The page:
Photo Courtesy of the John James Audubon Center at Mill Grove, Montgomery County Audubon Collection, and Zebra Publishing

Today is my birthday! It’s been one year since I celebrated my fiftieth birthday in Boston with my husband.

As my fifty-first birthday approached, I remembered a post I wrote more than a year ago leading up to my “big” milestone birthday. In that post, I asked myself a series of questions, and I forced myself to take a hard, honest look at the people and activities I was allowing to take up space in my life. I was shocked by what I discovered.

You can read the entire post to get a feel for how my mother’s death more than a decade ago still influences how I look at my own mortality which in turn affects decisions I make.

I didn’t write about it in that post, but when I find myself fearing and worrying about death (mine and others), I tend to turn to Memento Mori — the ancient practice of meditating or reflecting on the prospect of our own death. Memento Mori can be traced back more than two millennia, as early as the teachings of Socrates, and throughout time in various philosophies and religions, including ancient Roman traditions, Christianity, Buddhism, Judaism, and Stoicism.

To many of you, Memento Mori may sound morbid and depressing. To reflect on our own deaths or even on the deaths of those close to us is not easy, to say the least, but it’s something I’ve forced myself to do for a variety of reasons — a topic for another day.

Ryan Holiday of the Daily Stoic, one of the most well-known modern students of ancient Stoicism, says this:

“Meditating on your mortality is only depressing if you miss the point. It is in fact a tool to create priority and meaning. It’s a tool that generations have used to create real perspective and urgency. To treat our time as a gift and not waste it on the trivial and vain.”

And Marcus Aurelius, philosopher and emperor of Rome (A.D. 161–180) wrote in his Meditations, a book I’m currently reading in full:

“You could leave life right now. Let that determine what you do and say and think.”

Of course, the Bible mentions death countless times, and in countless ways. But for purposes of this post, I tend to look to the teachings of ancient Stoics as they help us see death as a reason to live a better, fuller life on this earth, whereas the Bible teaches us not to fear death and how to achieve life after death.

Whatever your spiritual practice is, the wisdom of those that came before us can help us to see our own life in a different light.

So, back to the questions from “On Tuning Fifty.” Six of the questions I asked in that post were as follows:

  • Am I surrounding myself with people who lift me and others up?
  • Am I spending what little time I have on this earth contributing to meaningful pursuits?
  • Am I putting more importance on accumulating experiences rather than accumulating material possessions?
  • Am I being intentional with how I spend my time? Saying ‘yes’ to things I truly want to spend time on, and saying ‘no’ to things that are not worth my time?
  • Am I surrounding myself with beauty, kindness, and positivity?
  • Am I feeding my spiritual and emotional needs as much as my physical needs?

As I read those questions now and reflect on the decisions I’ve made since writing them, I can admit that the answer to all of those questions was “No” at the time I wrote them. That is probably why I asked those particular questions. I knew something was “off” in my life and that something had to change.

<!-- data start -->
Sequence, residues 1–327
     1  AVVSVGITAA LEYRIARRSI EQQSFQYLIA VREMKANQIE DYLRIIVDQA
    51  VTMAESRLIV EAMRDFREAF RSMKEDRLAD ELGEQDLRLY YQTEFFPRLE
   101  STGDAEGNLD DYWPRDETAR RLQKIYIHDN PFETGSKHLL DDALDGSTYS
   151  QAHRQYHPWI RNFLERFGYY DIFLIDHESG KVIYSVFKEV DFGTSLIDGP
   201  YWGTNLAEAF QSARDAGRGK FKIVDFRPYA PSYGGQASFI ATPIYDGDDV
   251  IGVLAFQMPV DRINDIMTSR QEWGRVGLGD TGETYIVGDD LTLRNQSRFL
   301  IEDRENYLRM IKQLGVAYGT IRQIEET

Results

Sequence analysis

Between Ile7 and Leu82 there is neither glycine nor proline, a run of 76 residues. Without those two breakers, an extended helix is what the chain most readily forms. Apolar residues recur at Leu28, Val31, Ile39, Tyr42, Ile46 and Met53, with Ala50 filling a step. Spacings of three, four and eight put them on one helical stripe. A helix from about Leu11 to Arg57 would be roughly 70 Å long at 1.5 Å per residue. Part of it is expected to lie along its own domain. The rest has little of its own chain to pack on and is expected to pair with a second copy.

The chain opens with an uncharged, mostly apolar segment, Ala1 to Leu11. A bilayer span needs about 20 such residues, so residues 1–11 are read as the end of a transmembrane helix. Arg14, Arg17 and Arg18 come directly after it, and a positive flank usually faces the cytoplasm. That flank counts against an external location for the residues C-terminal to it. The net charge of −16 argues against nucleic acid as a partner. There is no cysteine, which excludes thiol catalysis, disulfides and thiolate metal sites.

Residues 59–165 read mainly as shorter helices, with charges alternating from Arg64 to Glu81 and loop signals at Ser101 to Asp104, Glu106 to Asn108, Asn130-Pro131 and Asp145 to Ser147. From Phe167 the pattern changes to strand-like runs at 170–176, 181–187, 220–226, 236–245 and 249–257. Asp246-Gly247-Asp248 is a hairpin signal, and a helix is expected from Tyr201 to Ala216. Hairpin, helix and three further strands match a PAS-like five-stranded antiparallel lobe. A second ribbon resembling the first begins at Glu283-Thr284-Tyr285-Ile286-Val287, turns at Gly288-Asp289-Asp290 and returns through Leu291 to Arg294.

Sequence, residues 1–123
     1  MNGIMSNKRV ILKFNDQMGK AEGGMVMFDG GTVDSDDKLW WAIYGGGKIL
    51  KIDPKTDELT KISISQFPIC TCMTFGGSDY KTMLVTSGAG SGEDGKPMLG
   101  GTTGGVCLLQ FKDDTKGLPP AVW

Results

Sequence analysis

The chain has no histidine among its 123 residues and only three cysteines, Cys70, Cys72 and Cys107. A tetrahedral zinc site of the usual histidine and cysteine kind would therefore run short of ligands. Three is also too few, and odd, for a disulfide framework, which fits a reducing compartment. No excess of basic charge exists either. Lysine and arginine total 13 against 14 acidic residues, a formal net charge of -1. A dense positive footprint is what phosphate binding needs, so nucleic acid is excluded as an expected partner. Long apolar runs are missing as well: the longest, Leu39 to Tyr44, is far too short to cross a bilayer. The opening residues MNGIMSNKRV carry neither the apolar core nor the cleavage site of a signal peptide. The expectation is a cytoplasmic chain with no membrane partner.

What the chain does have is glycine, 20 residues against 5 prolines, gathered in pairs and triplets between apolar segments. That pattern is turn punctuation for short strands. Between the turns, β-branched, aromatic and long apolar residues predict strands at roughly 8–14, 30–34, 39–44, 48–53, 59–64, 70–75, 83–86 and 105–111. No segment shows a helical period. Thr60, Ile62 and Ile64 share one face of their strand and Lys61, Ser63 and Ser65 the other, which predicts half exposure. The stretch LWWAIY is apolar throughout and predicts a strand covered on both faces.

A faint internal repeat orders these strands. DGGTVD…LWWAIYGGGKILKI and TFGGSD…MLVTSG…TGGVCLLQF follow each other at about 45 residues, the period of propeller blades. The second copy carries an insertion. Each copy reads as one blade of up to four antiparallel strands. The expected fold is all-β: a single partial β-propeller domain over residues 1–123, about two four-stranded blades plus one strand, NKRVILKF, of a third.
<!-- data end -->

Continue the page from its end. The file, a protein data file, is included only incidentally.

It was soon after writing that post that I gave myself permission to make changes that rid my life of anything that added stress and toxicity.

This sounds like a no brainer, right? Why would anyone allow something (or someone) make their life worse? But I was doing this. And I was doing it most likely out of fear and convenience.

It’s scary to make decisions that will affect your life in big ways. For example, have you ever held a job that provided you the income and stability that you and/or your family needed, yet it was a job that was stressful or maybe full of coworkers or a boss that treated you poorly? It’s more convenient to keep that job, right? The consequences of leaving a job is loss of income and the inconvenience of finding another. But the reward of leaving could be an improvement to your mental and physical well-being. Another reward could be finding a better, more rewarding job in both the monetary sense, but also in the spiritual sense.

Another example: Have you ever had to put up boundaries for a family member or a close friend? Maybe you’ve had someone in your life who was harmful to you or your family, and you needed to create space between them and you.

Memento Mori. “Remember you must die.”

Remembering that I will someday die tells me to not allow anyone or anything to take up precious time or mental space that does not add positive meaning to my life.

So when I wrote “On Turning Fifty” shortly before my birthday, I knew what I had to do. I knew that in order for me to treat my own time on this earth as a gift and to not waste time on people and activities that were adding stress and negativity to my life, I knew I had to make changes. In order to begin answering the questions above with a resounding “Yes!”, I had to alter my life.

I also knew that making these changes would add inconvenience to my life, and in the short term, it would add sadness and more stress. There were definitely consequences to my decision. For that reason, it would take me months before I successfully removed a particular toxicity from my life, but reflecting back on that decision today: It was 100% the right decision.

Removing toxicity from your life opens up your time and mental space for people and experiences that are more deserving. It certainly did for me.

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